Friday, May 1, 2015

Possibly the worst sentence I have ever read

This review gives rise to this . . .

But "What About This" is an authentic outpouring like a warm river in full flood; you get swept off the bank and its languid physicality destroys you.

We all struggle to maintain a certain level of economy in our use of language, but there's a difference between having a bit of diarrhea of the mouth and just flat-out needlessly jamming adjectives in there sideways to lard up a fucking sentence.

First, if you've never been in a river that's in full flood, let me assure that they are not fucking warm. Why does a flooding river need to be warm? Fucked if I know. This dude just wanted to make his labored metaphor about poetry sound more poetical.

Second . . . yeah, reviewers are typically terrible fucking writers. They're often writers who write about writers because they wish they could be writers, so they find jobs writing about writers in order to be writers.

Third: "languid physicality"? Huh? Unless you're describing what happens to an NFL nose tackle's gut while he's being blocked by two other guys, I struggle to see how anything that's at once capable of physicality can also be languid. #EnglishFail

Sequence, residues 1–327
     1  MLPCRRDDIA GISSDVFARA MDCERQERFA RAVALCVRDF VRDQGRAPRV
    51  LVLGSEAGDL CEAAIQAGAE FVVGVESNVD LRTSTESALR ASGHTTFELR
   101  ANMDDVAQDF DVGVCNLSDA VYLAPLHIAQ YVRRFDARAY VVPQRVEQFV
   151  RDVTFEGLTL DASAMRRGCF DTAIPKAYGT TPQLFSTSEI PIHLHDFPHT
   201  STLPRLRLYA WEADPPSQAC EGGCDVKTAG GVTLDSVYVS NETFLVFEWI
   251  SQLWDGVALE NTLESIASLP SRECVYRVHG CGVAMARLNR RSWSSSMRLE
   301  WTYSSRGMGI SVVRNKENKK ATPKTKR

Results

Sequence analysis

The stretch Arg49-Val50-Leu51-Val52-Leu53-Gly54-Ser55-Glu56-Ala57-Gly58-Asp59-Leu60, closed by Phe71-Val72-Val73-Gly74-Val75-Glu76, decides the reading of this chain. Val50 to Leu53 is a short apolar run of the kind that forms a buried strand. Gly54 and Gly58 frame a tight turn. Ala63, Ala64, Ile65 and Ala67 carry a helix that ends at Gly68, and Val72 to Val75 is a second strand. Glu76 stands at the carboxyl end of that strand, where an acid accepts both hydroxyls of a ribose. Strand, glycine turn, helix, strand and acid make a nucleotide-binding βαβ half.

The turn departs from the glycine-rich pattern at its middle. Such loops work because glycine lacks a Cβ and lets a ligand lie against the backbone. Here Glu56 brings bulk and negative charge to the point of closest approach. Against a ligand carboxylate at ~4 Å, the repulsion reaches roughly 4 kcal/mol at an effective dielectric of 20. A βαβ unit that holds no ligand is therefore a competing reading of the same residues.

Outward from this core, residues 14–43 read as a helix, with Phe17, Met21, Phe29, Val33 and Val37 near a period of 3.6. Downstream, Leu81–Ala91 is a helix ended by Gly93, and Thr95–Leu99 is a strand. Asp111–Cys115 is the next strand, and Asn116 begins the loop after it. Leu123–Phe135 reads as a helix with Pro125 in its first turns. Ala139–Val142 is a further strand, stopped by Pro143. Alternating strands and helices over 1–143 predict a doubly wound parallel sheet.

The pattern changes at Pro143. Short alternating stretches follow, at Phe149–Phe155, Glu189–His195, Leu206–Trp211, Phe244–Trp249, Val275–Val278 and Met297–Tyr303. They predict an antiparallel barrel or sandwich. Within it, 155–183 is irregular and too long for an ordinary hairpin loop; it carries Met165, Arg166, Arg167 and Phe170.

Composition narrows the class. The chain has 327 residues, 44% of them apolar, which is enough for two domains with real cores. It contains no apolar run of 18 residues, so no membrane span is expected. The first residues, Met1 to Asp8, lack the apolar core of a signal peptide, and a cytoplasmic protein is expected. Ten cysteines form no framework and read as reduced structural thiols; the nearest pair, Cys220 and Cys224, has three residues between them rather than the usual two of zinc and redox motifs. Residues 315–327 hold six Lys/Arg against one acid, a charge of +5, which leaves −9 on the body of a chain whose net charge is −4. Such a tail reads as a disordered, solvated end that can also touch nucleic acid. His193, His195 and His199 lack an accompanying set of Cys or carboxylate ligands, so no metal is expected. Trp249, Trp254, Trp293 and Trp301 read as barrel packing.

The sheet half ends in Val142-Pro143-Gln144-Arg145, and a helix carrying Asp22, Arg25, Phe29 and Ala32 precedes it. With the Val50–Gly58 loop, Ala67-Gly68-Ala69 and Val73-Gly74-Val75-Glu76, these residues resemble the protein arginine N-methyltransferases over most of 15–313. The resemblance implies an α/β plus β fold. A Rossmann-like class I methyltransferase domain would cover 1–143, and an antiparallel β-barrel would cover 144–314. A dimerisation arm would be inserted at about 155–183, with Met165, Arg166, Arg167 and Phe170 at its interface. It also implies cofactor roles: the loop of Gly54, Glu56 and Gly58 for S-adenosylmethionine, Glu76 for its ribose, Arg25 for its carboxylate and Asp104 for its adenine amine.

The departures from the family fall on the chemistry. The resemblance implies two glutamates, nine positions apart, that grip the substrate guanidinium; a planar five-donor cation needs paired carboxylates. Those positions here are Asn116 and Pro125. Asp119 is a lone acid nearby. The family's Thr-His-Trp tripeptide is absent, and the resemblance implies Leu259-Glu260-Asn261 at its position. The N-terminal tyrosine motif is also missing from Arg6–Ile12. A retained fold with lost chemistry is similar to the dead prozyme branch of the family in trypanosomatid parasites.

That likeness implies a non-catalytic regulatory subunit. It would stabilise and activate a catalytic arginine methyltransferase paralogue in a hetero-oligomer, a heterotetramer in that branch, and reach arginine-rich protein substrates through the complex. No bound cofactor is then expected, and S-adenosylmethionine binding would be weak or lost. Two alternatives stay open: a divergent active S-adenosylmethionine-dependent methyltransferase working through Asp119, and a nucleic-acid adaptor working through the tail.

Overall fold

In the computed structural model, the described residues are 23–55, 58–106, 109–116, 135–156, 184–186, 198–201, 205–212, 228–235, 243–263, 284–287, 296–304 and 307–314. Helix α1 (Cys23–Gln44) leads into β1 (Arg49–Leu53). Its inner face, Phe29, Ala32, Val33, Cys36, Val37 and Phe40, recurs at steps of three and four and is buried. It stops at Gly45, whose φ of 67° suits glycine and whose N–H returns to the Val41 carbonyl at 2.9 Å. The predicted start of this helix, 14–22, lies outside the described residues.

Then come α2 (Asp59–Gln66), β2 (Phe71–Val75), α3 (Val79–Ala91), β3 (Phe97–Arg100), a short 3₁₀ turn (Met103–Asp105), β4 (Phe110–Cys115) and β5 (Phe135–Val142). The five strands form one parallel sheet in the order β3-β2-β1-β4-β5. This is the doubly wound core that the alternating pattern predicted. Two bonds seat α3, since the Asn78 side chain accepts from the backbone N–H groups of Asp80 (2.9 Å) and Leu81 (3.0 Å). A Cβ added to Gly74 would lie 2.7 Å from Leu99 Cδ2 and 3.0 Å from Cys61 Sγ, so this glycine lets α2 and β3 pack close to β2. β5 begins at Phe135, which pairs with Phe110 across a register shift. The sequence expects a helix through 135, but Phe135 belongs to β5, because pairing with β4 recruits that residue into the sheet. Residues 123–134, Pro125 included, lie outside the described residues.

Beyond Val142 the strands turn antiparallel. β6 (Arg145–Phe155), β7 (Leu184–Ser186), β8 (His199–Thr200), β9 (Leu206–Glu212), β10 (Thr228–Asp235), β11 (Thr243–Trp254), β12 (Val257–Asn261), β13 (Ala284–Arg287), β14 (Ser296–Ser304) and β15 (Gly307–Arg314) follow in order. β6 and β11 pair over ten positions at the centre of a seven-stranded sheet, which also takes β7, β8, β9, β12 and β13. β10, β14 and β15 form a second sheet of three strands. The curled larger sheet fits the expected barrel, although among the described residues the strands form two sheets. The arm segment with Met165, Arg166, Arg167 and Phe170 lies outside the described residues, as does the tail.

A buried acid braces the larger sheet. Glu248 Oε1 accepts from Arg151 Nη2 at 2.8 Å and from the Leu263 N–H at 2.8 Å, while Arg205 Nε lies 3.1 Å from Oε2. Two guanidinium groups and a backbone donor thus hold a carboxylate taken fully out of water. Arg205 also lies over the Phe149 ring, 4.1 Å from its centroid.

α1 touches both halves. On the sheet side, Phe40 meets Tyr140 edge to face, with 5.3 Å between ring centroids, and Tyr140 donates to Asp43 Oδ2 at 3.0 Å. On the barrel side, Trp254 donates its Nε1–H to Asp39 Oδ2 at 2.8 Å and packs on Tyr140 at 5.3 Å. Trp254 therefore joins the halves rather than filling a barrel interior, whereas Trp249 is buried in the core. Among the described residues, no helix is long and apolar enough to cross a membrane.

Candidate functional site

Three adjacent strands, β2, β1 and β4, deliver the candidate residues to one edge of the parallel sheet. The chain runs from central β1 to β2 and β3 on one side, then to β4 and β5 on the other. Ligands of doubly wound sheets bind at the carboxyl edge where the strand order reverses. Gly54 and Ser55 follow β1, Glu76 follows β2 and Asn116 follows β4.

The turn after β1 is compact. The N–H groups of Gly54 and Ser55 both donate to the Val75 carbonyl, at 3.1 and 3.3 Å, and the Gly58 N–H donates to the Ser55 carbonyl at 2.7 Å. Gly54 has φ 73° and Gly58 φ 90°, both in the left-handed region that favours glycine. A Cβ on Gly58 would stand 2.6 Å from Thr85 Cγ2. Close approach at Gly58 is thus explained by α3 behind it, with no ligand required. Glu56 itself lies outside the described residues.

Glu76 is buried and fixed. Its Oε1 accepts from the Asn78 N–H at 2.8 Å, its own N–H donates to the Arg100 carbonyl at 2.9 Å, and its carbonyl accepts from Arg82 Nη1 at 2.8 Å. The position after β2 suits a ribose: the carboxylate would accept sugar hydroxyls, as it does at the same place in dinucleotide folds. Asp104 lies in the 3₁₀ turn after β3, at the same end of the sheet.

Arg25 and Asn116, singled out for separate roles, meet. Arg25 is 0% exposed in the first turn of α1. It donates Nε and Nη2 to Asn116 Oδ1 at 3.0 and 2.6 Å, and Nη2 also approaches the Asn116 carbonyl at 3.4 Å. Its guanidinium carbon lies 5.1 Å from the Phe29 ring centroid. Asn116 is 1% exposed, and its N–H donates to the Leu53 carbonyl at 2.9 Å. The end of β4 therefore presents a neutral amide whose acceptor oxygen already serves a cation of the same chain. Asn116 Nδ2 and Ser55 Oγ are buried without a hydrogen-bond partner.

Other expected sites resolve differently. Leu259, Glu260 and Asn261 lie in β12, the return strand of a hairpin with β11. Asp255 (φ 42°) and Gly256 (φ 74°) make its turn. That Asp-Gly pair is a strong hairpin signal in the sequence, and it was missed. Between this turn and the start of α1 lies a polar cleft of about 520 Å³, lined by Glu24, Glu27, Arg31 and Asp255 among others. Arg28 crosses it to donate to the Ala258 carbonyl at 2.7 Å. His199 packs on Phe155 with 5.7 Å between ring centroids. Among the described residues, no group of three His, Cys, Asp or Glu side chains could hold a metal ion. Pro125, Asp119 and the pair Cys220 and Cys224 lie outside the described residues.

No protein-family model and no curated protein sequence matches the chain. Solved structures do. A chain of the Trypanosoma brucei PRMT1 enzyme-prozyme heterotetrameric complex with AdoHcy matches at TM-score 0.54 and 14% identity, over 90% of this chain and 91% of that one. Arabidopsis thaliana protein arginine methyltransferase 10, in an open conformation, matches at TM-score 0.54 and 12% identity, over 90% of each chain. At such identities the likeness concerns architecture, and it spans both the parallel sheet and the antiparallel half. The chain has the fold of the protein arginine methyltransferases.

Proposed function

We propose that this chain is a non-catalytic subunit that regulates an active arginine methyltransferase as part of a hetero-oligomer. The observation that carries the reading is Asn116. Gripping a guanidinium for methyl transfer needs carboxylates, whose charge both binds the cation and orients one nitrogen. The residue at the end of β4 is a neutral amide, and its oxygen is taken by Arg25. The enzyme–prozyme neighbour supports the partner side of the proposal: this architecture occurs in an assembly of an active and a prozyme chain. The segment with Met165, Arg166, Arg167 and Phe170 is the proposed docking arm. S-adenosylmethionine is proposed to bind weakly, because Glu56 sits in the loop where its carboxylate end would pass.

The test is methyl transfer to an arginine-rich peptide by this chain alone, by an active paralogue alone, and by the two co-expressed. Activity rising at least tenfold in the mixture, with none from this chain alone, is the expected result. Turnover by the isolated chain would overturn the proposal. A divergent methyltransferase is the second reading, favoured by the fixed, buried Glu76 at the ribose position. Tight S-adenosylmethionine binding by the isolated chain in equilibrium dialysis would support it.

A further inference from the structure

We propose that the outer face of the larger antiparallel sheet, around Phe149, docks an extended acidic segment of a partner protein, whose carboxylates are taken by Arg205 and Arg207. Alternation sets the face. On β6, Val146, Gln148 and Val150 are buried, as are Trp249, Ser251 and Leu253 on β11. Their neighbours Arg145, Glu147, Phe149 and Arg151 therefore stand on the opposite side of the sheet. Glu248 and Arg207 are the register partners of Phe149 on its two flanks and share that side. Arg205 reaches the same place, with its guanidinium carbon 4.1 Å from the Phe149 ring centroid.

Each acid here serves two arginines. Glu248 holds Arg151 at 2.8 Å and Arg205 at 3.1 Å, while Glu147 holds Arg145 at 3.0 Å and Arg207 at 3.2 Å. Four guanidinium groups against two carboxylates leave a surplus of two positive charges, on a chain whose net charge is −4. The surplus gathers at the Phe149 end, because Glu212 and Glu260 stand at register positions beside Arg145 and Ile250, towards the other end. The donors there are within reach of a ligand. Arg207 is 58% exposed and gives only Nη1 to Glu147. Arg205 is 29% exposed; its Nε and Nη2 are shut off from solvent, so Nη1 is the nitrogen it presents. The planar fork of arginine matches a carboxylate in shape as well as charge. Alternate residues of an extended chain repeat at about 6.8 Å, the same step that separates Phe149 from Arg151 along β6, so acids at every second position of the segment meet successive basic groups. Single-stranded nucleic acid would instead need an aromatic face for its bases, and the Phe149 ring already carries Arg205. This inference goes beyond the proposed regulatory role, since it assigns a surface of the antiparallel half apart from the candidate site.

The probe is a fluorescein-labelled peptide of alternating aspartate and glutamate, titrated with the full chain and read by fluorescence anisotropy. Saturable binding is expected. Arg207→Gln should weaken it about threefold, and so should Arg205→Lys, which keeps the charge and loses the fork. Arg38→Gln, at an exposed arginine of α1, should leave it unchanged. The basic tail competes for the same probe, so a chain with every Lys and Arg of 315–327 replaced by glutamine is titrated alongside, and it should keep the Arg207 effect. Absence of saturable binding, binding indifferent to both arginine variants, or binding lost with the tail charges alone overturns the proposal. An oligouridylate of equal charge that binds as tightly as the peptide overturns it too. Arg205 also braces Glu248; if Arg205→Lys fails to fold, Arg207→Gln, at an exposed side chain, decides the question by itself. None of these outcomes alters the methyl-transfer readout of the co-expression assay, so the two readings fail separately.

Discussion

Added bonus . . . this fucking sentence . . .

Editor Michael Wiegers carefully selected this work from 10 collections, including parts of "The Battlefield Where the Moon Says I Love You," Stanford's best-known work — a swollen, ambitious 542-page epic poem in which even Jesus and Sonny Liston speak — as well as reams of unpublished work.

If you ever write a 542-page epic poem, you're an asshole. If you ever encourage people to fucking read a 542-page epic poem, you're a retard. Seriously, who the fuck writes a 542-page epic poem "in which even Jesus and Sonny Liston speak"?

Is that a fucking joke? I swear to gawd this guy was just stapling words the fuck together without any forethought. I assume that the only reason anyone would ever write a 542-page poem of any type is to troll the shit out of wannabe intellectuals.

SMFH. Just because you can use the English language to form sentences doesn't mean you should.

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